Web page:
Wednesday, June 15, 2011
In my previous blog I wrote about my contributions in launching the Michael G. Santos Foundation. I served 18 months in a federal prison camp for bad decisions I made as a stockbroker. I feel strengthened as I work to redeem those bad decisions—one way I’m doing that is through contributions I can make with the foundation, which has its purpose in helping more offenders prepare in ways that will help them emerge as law-abiding, contributing citizens.
To achieve this end, I’ve collaborated with my friend Michael Santos in launching the Straight-A Guide. The program is built around Michael’s experiences because Michael is now in his 25th consecutive year as a federal prisoner. During that time, he has prepared himself in ways that assure his contributions to society. He has educated himself, earning both a bachelor’s and a master’s degree; he has published numerous books that professors in universities across America use to educate students on the prison system; and he has built a strong support network. He’s achieved these extraordinary results while serving time in prisons of every security level.
Michael and I are convinced that any prisoner can prepare himself for success in the same way. Prisoners simply must commit to the Straight-A Guide, and that guide begins with the right attitude.
To have the right attitude in prison means one thing: the individual must make a 100 percent commitment to preparing for the challenges that await his release. As long as the individual advances through his sentence with such an attitude, he can prepare himself to overcome. To the extent that he expects interference and obstacles from the prison system, he will not be disappointed.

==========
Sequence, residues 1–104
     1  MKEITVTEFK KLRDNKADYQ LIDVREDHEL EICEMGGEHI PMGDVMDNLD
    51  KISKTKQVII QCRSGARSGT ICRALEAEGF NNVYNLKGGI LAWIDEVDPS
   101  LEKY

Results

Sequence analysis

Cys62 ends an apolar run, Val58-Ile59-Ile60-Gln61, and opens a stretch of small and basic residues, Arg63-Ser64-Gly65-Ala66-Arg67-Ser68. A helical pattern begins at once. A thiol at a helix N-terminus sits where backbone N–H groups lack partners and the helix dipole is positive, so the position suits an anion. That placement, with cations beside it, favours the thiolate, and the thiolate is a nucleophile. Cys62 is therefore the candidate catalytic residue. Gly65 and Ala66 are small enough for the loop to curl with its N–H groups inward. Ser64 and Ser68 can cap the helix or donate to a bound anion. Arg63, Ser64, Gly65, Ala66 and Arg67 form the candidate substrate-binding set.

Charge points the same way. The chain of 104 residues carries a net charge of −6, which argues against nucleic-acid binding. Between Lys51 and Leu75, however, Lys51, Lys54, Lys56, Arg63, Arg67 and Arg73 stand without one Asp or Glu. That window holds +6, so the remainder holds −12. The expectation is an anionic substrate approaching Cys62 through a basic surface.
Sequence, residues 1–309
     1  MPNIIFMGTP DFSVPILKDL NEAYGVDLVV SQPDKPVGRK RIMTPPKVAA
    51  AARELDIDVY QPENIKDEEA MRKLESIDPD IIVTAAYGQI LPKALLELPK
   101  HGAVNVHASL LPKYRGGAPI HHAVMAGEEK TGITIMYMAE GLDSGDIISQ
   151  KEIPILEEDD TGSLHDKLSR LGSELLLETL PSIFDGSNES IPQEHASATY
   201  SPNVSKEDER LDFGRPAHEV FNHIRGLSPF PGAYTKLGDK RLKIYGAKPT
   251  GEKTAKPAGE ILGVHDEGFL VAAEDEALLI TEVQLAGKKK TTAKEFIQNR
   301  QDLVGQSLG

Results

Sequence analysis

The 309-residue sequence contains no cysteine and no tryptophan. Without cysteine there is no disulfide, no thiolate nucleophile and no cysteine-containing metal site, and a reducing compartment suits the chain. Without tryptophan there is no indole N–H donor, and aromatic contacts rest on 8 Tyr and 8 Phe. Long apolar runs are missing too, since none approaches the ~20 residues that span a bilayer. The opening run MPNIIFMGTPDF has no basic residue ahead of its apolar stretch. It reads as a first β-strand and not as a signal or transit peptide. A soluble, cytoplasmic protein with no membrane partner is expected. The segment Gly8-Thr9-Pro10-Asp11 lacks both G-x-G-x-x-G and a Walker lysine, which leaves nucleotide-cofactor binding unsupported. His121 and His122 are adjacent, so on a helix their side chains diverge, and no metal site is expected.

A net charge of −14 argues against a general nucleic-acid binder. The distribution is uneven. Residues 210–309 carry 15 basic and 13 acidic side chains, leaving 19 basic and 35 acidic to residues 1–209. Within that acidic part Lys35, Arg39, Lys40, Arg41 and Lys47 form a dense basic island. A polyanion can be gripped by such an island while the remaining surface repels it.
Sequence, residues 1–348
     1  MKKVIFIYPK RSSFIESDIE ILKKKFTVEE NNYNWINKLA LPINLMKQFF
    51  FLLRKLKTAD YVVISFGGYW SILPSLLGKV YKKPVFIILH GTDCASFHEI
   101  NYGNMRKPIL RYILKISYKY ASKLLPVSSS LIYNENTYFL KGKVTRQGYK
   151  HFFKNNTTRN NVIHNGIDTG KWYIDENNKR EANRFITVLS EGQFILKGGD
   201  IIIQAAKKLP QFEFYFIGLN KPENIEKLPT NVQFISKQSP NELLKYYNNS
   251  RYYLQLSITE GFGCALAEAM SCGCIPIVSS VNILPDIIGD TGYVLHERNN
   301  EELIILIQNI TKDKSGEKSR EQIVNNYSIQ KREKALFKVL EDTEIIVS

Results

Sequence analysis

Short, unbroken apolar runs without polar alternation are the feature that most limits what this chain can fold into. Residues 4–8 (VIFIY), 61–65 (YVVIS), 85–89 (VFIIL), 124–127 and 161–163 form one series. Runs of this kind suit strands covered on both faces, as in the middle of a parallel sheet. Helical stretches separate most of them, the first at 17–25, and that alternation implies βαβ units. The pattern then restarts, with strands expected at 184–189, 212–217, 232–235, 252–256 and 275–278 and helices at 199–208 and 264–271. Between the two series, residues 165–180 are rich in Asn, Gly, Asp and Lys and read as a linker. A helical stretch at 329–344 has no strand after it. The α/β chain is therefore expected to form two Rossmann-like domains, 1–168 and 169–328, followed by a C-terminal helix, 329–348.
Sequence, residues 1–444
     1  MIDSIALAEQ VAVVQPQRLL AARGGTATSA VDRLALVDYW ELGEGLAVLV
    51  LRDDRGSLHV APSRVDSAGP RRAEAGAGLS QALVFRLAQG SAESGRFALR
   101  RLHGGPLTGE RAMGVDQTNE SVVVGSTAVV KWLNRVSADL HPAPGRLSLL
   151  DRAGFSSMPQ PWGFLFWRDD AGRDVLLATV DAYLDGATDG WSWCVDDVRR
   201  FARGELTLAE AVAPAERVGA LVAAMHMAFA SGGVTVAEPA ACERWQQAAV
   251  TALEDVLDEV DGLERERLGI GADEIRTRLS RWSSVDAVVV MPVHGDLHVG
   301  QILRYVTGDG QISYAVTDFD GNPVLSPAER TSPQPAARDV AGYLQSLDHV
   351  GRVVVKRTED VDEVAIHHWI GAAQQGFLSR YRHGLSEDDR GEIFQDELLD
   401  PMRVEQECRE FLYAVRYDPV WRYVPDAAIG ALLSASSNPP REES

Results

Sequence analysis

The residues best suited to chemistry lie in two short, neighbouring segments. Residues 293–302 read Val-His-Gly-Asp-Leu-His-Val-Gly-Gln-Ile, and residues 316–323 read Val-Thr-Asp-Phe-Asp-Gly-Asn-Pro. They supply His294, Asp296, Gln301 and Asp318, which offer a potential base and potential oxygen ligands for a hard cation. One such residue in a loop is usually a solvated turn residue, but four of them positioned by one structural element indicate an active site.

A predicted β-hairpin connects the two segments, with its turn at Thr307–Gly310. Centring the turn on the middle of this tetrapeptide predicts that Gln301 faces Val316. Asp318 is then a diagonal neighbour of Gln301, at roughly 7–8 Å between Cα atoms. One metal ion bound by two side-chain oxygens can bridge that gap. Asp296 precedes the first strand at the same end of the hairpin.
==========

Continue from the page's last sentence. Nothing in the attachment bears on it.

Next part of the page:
I wholeheartedly agree that cultivating the right attitude is an essential component in preparing for a law-abiding life upon release. The prison experience has a tendency to extinguish hope. With its numerous policies and procedures, a prisoner frequently feels violated with regard to both his human and civil rights. The prison experience hurts. It begins with the loss of one’s identity, being subjected to strip searches, and being limited with regard to how much time an individual can spend communicating with loved ones. As the days turn into months, and the months into years, an individual can sink into despair.
To negate the influences of confinement, a man who wants to empower himself must cultivate the right attitude. I’m pleased to work toward helping others through the Straight-A Guide. The efforts I’m making will lead to a safer society. In my next blog I will write about aspirations, the second of seven attributes of the Straight-A Guide.
I invite others to join these efforts I’m making to prepare prisoners for law-abiding, contributing lives. Please visit MichaelSantos.org for more information on the Straight-A Guide program. And if you’re expecting a struggle with the criminal justice system, please give me a call.